I’ve loved fashion ever since I was a little girl. I always liked dressing up, and my mother was very chic. She was at home with me until I was about 11, when she went back to work, leaving me to fend for myself. I recall one occasion when Easter was coming and I didn’t have an outfit to wear for the big parade on Fifth Avenue. It was the height of the Great Depression and my mother was too busy getting her business established to take me shopping, so instead she said, “I’ll give you 25 dollars”, which was a generous amount of money at that time, “and you can go into the city and get yourself an outfit – it’ll be good experience.”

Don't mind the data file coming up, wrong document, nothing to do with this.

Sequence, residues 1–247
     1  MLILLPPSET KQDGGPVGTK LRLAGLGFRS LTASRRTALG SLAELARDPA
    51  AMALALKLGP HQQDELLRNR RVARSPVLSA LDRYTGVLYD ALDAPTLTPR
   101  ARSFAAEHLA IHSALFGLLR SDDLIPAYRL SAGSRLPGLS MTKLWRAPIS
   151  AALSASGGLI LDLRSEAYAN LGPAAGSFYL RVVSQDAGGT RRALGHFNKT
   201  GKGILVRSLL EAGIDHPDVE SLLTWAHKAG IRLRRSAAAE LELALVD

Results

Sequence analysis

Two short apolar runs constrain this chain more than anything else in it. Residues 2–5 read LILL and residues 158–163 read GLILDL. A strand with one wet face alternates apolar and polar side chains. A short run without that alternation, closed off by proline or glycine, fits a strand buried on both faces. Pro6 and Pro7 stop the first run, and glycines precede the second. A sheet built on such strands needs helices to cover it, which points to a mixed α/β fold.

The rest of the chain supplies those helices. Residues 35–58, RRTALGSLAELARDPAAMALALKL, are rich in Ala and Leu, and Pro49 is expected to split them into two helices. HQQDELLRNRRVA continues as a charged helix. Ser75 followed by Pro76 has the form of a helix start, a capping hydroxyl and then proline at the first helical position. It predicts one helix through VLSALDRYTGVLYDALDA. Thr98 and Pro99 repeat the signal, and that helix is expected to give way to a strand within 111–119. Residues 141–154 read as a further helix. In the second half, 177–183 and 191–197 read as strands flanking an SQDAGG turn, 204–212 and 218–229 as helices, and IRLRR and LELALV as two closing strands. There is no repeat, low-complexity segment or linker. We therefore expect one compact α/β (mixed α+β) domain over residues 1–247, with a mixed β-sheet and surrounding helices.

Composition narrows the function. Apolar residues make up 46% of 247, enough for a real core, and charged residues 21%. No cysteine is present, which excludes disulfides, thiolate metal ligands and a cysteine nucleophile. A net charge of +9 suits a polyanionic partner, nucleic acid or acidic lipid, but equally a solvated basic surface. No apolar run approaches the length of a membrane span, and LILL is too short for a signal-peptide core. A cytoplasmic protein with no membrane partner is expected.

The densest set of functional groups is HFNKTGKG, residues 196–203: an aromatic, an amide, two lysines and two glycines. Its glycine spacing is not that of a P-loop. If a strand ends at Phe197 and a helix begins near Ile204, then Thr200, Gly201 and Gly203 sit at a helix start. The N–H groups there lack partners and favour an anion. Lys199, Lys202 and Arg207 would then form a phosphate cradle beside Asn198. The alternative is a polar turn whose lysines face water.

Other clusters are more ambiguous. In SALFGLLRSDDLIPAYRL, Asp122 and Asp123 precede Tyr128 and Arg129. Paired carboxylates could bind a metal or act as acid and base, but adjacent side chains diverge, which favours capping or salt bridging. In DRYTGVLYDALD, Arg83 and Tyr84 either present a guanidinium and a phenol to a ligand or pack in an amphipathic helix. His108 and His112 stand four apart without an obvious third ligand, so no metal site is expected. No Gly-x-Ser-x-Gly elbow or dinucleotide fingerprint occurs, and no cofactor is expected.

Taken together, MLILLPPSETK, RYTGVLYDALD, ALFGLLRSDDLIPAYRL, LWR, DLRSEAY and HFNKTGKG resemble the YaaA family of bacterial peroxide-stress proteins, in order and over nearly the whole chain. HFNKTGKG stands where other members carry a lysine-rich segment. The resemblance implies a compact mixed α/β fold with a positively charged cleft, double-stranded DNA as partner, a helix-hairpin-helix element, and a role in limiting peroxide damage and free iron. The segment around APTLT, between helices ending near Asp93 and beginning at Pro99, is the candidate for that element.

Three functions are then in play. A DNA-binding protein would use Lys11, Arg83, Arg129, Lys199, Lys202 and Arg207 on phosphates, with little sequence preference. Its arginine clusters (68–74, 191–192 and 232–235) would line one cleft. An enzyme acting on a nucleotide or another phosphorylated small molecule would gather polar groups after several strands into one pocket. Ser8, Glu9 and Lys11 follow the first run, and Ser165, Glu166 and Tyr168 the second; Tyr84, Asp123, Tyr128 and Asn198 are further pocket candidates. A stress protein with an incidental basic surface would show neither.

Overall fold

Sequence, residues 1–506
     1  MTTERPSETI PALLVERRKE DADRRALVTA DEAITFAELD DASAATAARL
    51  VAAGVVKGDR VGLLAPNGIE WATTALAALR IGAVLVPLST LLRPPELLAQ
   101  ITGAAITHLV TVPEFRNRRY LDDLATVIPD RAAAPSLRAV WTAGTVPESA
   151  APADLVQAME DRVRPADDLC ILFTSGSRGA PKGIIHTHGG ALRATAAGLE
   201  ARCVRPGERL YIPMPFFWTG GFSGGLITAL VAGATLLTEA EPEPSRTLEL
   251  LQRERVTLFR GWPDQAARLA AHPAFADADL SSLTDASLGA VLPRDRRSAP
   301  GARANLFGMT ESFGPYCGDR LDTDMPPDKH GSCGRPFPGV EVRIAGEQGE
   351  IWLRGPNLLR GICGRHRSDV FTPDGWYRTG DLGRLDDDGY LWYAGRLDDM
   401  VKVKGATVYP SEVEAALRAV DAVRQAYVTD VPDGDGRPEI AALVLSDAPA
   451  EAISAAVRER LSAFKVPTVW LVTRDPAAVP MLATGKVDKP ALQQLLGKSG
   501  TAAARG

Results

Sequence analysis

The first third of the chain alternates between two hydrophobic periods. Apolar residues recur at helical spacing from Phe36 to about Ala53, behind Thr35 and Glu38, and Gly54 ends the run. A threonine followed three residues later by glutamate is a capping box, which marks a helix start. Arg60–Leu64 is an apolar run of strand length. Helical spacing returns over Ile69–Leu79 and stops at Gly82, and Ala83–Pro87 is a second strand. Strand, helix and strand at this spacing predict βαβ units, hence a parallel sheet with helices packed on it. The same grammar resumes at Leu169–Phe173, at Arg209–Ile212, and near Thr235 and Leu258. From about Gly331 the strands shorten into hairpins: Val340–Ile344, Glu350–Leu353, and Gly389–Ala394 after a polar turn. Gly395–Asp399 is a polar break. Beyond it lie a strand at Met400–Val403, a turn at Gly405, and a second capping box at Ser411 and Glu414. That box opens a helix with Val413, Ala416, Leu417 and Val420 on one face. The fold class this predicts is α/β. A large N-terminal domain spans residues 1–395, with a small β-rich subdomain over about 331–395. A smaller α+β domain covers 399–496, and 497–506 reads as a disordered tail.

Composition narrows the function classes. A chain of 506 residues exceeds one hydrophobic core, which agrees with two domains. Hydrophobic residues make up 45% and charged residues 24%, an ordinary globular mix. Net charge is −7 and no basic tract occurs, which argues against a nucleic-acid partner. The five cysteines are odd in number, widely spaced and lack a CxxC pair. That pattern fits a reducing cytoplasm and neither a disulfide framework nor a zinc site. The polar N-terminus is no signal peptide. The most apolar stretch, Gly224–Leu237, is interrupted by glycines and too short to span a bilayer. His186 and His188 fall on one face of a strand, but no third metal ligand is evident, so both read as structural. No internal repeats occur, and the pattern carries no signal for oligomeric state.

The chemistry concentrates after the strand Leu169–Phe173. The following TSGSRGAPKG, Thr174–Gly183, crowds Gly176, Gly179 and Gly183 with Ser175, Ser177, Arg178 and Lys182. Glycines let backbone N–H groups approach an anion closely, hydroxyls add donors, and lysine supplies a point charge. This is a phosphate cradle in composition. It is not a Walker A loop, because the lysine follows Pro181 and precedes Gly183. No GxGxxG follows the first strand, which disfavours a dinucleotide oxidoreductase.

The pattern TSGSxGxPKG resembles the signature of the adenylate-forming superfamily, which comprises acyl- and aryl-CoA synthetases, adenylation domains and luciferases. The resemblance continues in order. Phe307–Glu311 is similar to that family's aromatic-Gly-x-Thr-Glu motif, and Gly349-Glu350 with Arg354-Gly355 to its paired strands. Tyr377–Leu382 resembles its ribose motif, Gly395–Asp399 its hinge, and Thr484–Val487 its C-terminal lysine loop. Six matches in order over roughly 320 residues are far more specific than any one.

I was crazy with joy and went straight to S Klein, the granddaddy of all discount shops on 14th Street in Manhattan, because I knew I’d get a good bargain there. Right away, I found a dress I thought I simply had to buy – but then I remembered my mother telling me I must never buy the first thing I saw, I must comparison-shop. So I went uptown and looked around the big department stores – Macy’s, Lord & Taylor, Best & Company – where naturally everything was much more expensive. I decided I’d better go back and get that dress, but when I got there, I found it gone! I was frantic and breathlessly looked through all the racks, found it, gave thanks to God and 12 dollars and 98 cents to the cashier. I put that dress in my hot little hands and went on to accessorise my prize. I bought myself some beautiful leather shoes for three dollars and 98 cents, a pretty straw bonnet, a pair of gloves, and I still had enough change to take the subway home to Queens. My family was overjoyed: my mother praised my taste; my father said I was economically sound. Only my grandfather, who was an old-world master tailor, found fault with the buttonholes. But then again, he could never find a buttonhole to satisfy him.